This reference for IT professionals provides information about the advanced audit policy settings that are available in Windows and the audit events that they generate. You can access these audit policy settings through the Local Security Policy snap-in secpol.
These advanced audit policy settings allow you to select only the behaviors that you want to monitor. You can exclude audit results for behaviors that are of little or no concern to you, or behaviors that create an excessive number of log entries.
In addition, because security audit policies can be applied by using domain Group Policy Objects, audit policy settings can be modified, tested, and deployed to selected users and groups with relative simplicity. Configuring policy settings in this category can help you document attempts to authenticate account data on a domain controller or on a local Security Accounts Manager SAM.
Unlike Logon and Logoff policy settings and events, which track attempts to access a particular computer, settings and events in this category focus on the account database that is used.
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This category includes the following subcategories:. The security audit policy settings in this category can be used to monitor changes to user and computer accounts and groups.
Detailed Tracking security policy settings and audit events can be used to monitor the activities of individual applications and users on that computer, and to understand how a computer is being used. These audit events are logged only on domain controllers.
These events are particularly useful for tracking user activity and identifying potential attacks on network resources. Object Access policy settings and audit events allow you to track attempts to access specific objects or types of objects on a network or computer.
For example, the file system subcategory needs to be enabled to audit file operations, and the Registry subcategory needs to be enabled to audit registry accesses. Proving that these audit policies are in effect to an external auditor is more difficult. There is no easy way to verify that the proper SACLs are set on all inherited objects.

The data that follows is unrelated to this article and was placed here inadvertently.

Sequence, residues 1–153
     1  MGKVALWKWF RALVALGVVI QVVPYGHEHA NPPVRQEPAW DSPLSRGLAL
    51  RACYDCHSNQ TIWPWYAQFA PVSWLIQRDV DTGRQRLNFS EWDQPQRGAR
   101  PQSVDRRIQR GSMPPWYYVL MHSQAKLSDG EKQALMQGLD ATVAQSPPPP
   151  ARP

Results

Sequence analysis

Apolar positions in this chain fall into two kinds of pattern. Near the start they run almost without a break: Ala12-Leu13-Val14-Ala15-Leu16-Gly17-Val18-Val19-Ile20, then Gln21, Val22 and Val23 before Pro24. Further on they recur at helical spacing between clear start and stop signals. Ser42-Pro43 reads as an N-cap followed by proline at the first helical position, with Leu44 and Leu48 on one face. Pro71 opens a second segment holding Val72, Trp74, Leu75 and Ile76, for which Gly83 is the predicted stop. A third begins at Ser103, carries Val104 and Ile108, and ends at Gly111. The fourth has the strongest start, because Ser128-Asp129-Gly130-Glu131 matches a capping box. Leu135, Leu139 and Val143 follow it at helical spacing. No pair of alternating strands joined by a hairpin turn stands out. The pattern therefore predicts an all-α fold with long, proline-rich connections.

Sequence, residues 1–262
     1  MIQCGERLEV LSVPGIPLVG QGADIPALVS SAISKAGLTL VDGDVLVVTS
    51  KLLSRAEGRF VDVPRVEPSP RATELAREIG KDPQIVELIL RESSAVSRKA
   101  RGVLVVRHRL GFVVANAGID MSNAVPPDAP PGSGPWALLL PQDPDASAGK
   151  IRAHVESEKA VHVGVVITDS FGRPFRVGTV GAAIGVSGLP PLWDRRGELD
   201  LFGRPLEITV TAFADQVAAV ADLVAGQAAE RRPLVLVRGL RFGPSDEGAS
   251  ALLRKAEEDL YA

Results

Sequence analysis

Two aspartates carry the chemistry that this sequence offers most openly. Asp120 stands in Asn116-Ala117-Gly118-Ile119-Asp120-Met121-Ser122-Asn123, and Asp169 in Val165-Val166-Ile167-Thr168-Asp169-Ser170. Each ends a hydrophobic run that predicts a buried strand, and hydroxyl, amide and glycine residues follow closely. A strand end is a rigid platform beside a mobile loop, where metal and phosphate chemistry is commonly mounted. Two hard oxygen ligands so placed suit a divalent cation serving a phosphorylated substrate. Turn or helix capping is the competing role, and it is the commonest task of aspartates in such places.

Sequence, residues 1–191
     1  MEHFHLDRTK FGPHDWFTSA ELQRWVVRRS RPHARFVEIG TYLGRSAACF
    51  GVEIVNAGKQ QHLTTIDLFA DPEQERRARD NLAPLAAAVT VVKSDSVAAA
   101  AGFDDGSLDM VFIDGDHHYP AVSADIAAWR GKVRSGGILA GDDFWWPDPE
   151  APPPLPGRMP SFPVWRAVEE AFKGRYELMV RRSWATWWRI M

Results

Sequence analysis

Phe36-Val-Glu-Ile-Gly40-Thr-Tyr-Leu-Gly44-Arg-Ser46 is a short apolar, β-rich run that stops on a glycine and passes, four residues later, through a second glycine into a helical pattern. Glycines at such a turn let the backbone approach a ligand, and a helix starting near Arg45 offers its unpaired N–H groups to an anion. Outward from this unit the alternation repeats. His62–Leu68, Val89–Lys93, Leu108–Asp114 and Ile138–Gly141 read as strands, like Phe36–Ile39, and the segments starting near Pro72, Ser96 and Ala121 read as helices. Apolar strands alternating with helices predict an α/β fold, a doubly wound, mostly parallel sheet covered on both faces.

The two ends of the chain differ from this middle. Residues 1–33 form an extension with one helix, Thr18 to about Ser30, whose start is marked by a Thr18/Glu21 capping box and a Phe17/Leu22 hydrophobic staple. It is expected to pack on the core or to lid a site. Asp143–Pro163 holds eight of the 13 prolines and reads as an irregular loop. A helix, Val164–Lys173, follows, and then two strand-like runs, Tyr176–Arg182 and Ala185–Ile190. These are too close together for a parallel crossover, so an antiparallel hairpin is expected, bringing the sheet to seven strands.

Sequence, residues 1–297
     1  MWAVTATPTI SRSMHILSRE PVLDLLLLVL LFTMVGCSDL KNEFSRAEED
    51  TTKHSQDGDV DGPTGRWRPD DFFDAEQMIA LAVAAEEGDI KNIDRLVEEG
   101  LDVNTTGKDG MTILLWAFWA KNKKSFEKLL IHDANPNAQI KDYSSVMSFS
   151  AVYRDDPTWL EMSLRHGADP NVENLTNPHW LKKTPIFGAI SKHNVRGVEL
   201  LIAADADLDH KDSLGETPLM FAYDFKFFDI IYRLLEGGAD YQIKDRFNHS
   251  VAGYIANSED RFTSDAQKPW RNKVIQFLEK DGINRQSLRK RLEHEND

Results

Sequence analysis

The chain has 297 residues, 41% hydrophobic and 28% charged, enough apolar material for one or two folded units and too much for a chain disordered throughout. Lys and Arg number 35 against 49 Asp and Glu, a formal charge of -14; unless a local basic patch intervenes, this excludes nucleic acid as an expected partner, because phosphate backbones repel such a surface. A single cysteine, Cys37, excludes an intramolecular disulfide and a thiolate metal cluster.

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To address this issue, see Global Object Access Auditing. Policy Change audit events allow you to track changes to important security policies on a local system or network. Because policies are typically established by administrators to help secure network resources, monitoring changes or attempts to change these policies can be an important aspect of security management for a network.
Permissions on a network are granted for users or computers to complete defined tasks. Privilege Use security policy settings and audit events allow you to track the use of certain permissions on one or more systems.
System security policy settings and audit events allow you to track system-level changes to a computer that are not included in other categories and that have potential security implications. Global Object Access Auditing policy settings allow administrators to define computer system access control lists SACLs per object type for the file system or for the registry.
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The specified SACL is then automatically applied to every object of that type. Auditors will be able to prove that every resource in the system is protected by an audit policy by viewing the contents of the Global Object Access Auditing policy settings. For example, if auditors see a policy setting called "Track all changes made by group administrators," they know that this policy is in effect.
Resource SACLs are also useful for diagnostic scenarios. For example, setting the Global Object Access Auditing policy to log all the activity for a specific user and enabling the policy to track "Access denied" events for the file system or registry can help administrators quickly identify which object in a system is denying a user access. Skip to main content.
Advanced security audit policy settings
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The correct system access control list SACL is applied to every file and folder or registry key on a computer or file share as a verifiable safeguard against undetected access. This category includes the following subcategories: Audit Non-Sensitive Privilege Use Audit Sensitive Privilege Use Audit Other Privilege Use Events System System security policy settings and audit events allow you to track system-level changes to a computer that are not included in other categories and that have potential security implications.
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